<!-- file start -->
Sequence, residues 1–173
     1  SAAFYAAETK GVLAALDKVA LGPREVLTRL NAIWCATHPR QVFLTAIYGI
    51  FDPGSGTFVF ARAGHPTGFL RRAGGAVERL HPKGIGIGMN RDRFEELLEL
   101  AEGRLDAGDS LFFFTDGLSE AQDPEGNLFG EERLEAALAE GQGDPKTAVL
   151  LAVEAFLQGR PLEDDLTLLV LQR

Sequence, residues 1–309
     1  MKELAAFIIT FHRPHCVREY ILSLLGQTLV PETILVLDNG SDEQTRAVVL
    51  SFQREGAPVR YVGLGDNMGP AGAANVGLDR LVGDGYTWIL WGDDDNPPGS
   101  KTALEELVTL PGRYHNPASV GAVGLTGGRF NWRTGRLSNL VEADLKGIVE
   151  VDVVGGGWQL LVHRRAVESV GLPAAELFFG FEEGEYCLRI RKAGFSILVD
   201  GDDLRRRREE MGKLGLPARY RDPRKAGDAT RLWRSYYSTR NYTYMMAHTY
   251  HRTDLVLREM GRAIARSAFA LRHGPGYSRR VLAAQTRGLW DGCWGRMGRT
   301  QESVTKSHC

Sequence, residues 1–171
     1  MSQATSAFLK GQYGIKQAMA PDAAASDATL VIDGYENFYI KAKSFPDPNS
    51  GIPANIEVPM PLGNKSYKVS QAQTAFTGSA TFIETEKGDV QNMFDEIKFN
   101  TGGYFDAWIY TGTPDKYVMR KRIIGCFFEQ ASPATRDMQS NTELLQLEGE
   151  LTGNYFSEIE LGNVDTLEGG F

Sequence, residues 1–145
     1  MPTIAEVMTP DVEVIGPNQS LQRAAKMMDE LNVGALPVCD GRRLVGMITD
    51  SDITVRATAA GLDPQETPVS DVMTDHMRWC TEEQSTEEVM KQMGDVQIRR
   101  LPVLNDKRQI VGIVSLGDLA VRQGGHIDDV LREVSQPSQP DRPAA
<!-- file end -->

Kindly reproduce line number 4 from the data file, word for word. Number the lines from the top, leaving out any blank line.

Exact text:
   101  AEGRLDAGDS LFFFTDGLSE AQDPEGNLFG EERLEAALAE GQGDPKTAVL